Justice Wing, Writing Process

Progress Report: “Diverged in a Wood”

The next Patreon short story — “Diverged in a Wood” — is proceeding apace and on pace. This wasn’t a story I expected to be writing, at least not now, but then it got loud in my head — louder than “Being the Steve,” which honestly surprises me. It’s a long short story but a short story instead of a novella or the like.

As you’d imagine, the title comes from Robert Frost’s poem “The Road Not Taken:”

Two roads diverged in a yellow wood,
And sorry I could not travel both
And be one traveler, long I stood
And looked down one as far as I could
To where it bent in the undergrowth;

Then took the other, as just as fair,
And having perhaps the better claim,
Because it was grassy and wanted wear;
Though as for that the passing there
Had worn them really about the same,

And both that morning equally lay
In leaves no step had trodden black.
Oh, I kept the first for another day!
Yet knowing how way leads on to way,
I doubted if I should ever come back.

I shall be telling this with a sigh
Somewhere ages and ages hence:
Two roads diverged in a wood, and I—
I took the one less traveled by,
And that has made all the difference.

The poem is often held up as a paean to living an unconventional life, which is oddly ironic – the actual poem makes it clear that though it felt like a momentous decision to take ‘the road less taken,’ as it works out both paths were pretty much equally well travelled and there really wasn’t anything superior from one path to the next.

The story’s genesis comes from the original “Interviewing Leather,”  when Leather herself is telling Chapman about her personal history:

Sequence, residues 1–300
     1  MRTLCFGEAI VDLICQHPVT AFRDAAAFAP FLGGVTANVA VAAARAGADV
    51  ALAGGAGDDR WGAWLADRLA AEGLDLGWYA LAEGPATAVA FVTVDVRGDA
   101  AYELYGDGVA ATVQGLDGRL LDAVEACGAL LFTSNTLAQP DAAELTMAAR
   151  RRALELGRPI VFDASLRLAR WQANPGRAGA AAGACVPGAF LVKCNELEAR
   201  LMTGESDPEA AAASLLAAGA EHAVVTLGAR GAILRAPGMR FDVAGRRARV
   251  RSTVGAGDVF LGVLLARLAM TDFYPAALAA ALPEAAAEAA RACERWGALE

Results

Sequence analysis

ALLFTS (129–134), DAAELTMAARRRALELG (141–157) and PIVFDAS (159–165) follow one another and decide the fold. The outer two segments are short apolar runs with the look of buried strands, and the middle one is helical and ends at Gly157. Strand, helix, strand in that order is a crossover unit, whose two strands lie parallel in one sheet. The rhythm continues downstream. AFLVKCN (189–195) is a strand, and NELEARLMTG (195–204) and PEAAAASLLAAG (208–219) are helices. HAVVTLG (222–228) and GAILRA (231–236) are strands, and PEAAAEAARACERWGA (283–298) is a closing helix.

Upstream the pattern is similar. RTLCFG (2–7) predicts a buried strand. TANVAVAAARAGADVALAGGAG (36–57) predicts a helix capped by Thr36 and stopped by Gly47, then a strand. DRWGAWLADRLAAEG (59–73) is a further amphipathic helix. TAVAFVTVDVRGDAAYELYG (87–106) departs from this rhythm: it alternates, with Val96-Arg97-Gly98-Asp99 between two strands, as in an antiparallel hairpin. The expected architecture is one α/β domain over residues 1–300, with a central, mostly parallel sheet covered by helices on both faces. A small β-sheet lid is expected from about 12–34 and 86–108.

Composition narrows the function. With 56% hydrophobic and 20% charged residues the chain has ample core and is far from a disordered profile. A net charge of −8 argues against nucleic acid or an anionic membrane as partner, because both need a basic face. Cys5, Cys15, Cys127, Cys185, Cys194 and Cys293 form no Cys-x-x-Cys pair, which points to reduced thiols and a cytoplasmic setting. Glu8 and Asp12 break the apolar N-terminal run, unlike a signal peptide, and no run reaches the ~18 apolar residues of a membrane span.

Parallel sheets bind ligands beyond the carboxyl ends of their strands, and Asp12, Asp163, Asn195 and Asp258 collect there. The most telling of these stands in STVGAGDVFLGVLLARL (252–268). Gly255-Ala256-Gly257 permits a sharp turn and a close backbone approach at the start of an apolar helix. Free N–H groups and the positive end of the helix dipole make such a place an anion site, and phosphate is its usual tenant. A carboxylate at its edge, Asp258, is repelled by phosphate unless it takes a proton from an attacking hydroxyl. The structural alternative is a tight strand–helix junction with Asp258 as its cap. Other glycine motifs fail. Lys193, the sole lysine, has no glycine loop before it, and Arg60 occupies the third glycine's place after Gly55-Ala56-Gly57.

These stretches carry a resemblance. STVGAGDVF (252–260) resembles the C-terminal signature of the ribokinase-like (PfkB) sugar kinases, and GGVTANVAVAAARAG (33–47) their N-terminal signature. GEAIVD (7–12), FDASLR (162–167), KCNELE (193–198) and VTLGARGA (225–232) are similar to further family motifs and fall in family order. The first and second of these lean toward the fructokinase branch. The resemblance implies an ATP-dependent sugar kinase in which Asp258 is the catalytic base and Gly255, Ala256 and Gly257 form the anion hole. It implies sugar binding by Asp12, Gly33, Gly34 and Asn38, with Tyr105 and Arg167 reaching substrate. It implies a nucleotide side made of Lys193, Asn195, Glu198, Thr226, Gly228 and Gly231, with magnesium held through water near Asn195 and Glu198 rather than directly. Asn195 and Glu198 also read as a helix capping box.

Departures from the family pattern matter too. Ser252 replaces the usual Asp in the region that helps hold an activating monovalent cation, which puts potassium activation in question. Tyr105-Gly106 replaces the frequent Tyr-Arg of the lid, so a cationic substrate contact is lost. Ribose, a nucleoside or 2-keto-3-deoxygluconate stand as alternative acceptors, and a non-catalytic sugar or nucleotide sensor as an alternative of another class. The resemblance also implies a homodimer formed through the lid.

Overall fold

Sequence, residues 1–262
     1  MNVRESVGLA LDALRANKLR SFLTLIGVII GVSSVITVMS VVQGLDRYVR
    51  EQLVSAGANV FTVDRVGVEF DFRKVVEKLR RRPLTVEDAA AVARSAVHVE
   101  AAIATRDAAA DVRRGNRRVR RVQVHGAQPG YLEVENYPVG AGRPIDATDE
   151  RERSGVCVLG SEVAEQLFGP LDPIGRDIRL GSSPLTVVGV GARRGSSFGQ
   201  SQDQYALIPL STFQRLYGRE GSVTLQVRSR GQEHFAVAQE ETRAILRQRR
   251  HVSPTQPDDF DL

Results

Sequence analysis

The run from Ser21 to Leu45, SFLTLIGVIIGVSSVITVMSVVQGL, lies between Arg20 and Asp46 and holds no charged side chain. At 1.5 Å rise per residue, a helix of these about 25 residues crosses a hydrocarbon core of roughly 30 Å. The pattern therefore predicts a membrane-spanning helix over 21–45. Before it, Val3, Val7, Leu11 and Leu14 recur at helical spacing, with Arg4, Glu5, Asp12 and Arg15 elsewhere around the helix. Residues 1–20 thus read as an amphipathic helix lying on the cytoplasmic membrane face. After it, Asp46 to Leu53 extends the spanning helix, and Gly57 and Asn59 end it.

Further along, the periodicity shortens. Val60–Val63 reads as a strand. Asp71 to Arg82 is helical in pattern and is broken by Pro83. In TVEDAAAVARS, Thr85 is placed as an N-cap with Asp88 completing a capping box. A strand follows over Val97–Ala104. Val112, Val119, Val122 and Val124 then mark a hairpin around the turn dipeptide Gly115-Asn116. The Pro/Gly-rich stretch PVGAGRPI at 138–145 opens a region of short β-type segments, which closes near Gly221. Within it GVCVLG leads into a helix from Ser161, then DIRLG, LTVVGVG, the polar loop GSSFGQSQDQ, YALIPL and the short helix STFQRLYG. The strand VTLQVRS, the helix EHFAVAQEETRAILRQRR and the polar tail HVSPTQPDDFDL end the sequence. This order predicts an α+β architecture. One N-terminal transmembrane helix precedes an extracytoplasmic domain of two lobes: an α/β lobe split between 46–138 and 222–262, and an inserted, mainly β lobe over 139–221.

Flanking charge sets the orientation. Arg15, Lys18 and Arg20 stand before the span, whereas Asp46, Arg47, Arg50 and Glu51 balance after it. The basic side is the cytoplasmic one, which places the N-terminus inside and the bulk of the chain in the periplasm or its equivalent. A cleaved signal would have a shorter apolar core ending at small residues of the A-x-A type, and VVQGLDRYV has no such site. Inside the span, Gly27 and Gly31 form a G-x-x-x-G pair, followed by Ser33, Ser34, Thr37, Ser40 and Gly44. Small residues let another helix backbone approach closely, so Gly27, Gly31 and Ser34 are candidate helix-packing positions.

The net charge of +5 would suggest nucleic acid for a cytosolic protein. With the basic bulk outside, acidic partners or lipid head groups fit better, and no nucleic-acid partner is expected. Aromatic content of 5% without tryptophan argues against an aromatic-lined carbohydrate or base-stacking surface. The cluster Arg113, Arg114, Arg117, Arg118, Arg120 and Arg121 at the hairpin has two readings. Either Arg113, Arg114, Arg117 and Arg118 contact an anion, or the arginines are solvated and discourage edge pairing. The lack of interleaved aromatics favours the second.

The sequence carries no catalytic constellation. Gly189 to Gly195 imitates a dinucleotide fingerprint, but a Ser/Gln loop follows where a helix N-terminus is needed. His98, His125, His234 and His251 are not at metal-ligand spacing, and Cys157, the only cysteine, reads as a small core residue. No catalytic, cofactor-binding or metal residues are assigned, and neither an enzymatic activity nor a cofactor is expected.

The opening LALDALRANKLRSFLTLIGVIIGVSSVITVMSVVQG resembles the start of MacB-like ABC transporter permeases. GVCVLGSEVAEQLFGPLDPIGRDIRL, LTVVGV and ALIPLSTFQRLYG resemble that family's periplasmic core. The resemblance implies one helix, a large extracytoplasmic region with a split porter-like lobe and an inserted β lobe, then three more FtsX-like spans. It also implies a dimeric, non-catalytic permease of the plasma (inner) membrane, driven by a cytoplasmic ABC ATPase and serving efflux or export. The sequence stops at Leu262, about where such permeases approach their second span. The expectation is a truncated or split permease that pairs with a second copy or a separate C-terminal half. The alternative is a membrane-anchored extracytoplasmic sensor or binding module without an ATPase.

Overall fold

“Of course.” I frowned. “What’s your real name, anyway?”


“You had it changed?”

“No, I just don’t care.” She fell onto her bed. “I like Leather. I like the name. If you go and look up my arrest record you’ll find the civilian name, but so what? I never use it. Hell, the last time I did use a civilian name was as the secret identity. The one who waited tables while I wore red lycra and fought purse snatchers. But even then I felt more like Dynamo Girl.”

“So you have no attachment to that name? What about to your family? Or your past?”

“No family to speak of — a sister out in Wyoming, but we haven’t spoken in years. She’s norm, anyhow. S’far as I know, anyway. Folks were nice enough but they’re dead.

Said sister gets referenced in the beta of “Cannon” as well. Deej has a ‘norm’ sister, but they never talk.

So. It’s about three weeks after the Amplifer issue comes out. And Lora Layton, businesswoman, mother of twins, wife to a successful lawyer and very mundane person… figures out that her long lost sister is apparently on the cover of a music magazine….

The book proper is subtitled An Anthology of Perspective, and this is no exception. Leather’s sister has a very different perspective on things than Leather herself does. And Leather herself has read the article as Chapman wrote and published it now… and finds that things aren’t quite what she expected.

All this, birth names, and “just how did Leather react to Chapman’s last bit of ‘unfinished business’ at the end of that article.”

Also? A few easter eggs for long time readers.

I hope you like Lora. I hope you like seeing Leather as Leather again. And there even are woods and paths in the story, because why be obtuse? Hopefully this’ll go up tomorrow.

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